Simple Books

img_0171

Sorting all of my books into keep, or don’t keep

I suspect I am not alone in my love for books! It’s easy to have anything we love take over our lives. This year, with our annual declutter, I found that my books needed a little help, so I’m sharing my process with you.

With books I like to use the Marie Kondo method of gathering up all of my books from everywhere in my house. Ideally once we are done, the books can be in one or two spots vs in piles everywhere.

I pick up each book and ask if it brings me joy as Marie Kondo suggests. I know, I probably lost some of you out there. This even seems a little woo woo to me, but it is worth trying and it’s a practice that I have kept. You see, if you just look at an item (book or otherwise) you are gathering the information from your mind. By holding it and asking “does it bring me joy?”, you actually are listening to your body. I believe the body has more wisdom than the mind. The mind has all these rationalizations and reasons…”but I read that in grade school” or “I paid good money for that, I can’t let it go”, or “Aunt Susie gave that to me, she’d be miffed if I donated it.”

As you go book to book, Kondo guides you to create two piles…the “Yes” and the “no” piles. But, in my true Gemini way, I sometimes have a “maybe” pile as well. I later go through that pile again to get to my own yes or no answer. Most “maybes” become “nos” like a Meetup response often does, but use whatever process works for you.

img_0168

Take time to wipe down the clear surfaces prior to sorting your books

Books in good condition can be sold. I like to go to Powell’s Bookstore where they will look them all up for you and then offer you cash or store credit for those they will buy. The store credit is a higher amount, but ask yourself if you want more books prior to saying yes to that. You can also sell your books to Powell’s by going online and then mailing them in. If you need the money, or you’ve never sold books, I suggest giving it a try just to see how the process works.

If you don’t need the money, I like to donate my books to the library. Our library system in Portland is so amazing, it does my heart good to give back to them. I also imagine that my book will be in the library system, should I change my mind and wish to read it. They don’t always keep them however, but I have yet to want to check out something I parted with.

img_0184

My pile of unread books

This year, I had a big pile of unread books. I have been labeled as one of the students from the “suffer in silence” group, so I decided to break that pattern and reach out for help. I asked my declutter group for how they manage unread books and here’s their great advice:

  • I give them away after I’ve read them.
  • If I’ve read 50 pages and it’s not drawing me to read more, I donate it.
  • We’ve got a donation spot at work, where we can donate our books to others.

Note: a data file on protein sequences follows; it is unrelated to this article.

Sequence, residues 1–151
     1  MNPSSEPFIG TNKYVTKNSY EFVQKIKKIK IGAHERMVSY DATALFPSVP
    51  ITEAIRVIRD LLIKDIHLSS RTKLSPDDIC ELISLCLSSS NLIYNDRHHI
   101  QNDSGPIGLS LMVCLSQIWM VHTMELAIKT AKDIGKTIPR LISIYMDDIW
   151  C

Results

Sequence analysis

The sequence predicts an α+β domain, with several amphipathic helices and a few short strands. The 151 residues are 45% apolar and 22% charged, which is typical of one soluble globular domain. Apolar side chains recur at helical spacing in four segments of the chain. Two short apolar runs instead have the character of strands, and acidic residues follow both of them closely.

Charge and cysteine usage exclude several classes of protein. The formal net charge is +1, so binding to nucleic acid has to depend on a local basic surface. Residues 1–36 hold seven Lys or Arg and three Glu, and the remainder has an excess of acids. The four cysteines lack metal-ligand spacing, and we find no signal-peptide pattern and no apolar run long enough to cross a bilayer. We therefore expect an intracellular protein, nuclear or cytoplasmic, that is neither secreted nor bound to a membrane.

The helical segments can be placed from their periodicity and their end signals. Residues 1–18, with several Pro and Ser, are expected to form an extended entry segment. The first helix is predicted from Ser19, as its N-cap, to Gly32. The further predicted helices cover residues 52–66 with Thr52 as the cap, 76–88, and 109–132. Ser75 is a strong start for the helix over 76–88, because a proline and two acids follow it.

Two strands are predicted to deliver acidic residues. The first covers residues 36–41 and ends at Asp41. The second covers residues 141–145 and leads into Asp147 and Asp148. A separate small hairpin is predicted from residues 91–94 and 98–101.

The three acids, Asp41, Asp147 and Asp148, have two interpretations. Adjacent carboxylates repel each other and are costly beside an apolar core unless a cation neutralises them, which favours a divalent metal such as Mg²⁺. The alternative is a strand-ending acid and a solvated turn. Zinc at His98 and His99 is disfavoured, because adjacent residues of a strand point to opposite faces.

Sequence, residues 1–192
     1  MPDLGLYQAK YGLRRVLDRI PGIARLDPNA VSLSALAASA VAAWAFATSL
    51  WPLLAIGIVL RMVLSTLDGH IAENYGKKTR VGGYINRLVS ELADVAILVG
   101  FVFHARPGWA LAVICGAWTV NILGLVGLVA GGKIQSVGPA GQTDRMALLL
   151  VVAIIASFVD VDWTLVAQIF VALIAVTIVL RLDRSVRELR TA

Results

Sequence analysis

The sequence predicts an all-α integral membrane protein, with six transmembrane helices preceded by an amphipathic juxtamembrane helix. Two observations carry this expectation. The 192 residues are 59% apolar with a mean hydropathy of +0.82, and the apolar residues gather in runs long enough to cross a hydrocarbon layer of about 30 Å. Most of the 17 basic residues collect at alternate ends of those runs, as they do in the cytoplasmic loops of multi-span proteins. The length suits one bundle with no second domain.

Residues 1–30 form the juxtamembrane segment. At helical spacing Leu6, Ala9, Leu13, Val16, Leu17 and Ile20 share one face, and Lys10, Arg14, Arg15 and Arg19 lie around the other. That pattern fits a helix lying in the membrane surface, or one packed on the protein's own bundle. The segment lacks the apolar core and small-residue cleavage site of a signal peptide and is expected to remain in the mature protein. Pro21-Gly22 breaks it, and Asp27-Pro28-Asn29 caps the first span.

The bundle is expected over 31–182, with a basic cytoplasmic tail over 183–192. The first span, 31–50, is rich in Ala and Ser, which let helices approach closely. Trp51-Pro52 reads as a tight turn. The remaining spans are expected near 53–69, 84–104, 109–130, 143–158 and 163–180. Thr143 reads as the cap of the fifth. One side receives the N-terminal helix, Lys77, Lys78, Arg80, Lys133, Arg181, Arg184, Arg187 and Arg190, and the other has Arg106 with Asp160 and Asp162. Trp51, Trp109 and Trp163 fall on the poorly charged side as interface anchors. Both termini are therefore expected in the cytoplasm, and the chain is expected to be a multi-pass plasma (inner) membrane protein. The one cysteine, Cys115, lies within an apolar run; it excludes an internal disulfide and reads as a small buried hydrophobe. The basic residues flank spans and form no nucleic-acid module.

• I’m reassured by how much information is online these days. This helps me let go of books I’m no longer using.
  • I set a deadline for reading the books that I have. Having to return books to the library is the biggest motivator for me.
  • I use space to contain my books, so once a bookshelf or shelf is full, that’s my limit. I then apply the “one in, one out” rule when I want a new book.
  • I use Goodreads as a way to prioritize my books to read along with deadlines for doing such.

I decided to take a pause from technology for a day to ponder what to do with my 20 unread books. It ended up that the pause from technology was one of the best things I could have done. Not only did it allow me to figure out a plan, but it actually gave me time to read. My mind was able to slow down and focus on reading while having fewer distractions. I was able to read two books that day and to figure out that the two partially read books were “done”, meaning I declared I’m not going to read them and I am done with them. So, I’ve now got 16 books and I’ve put them into Goodreads. My goal is to continue with tech-free days once a week to encourage more reading and to not buy more until I have finished the 16 that remain.

Wish me luck with this plan and a big thanks to my group for their ideas and support! Please share any other tips you have in the comments below.

4 Comments

  1. Amber Lewis says:

    I really like your tech free day a week idea. Thanks.

    Like

  2. Debi Hertert says:

    Hey Kathy! I love reading your solutions! Can you explain how you use Goodreads for your book supply?

    Like

    • Sure, I did 2 things – I put all unread books in one location physically. I also put them into Goodreads as a way to see them there and prioritize which ones I would read…then to watch that list shrink.

      One final thing is I told myself, no more books until this list is zero. And I’m putting reading time on my calendar along with the no-tech days. Hope that helps!

      Like

<span>%d</span> bloggers like this: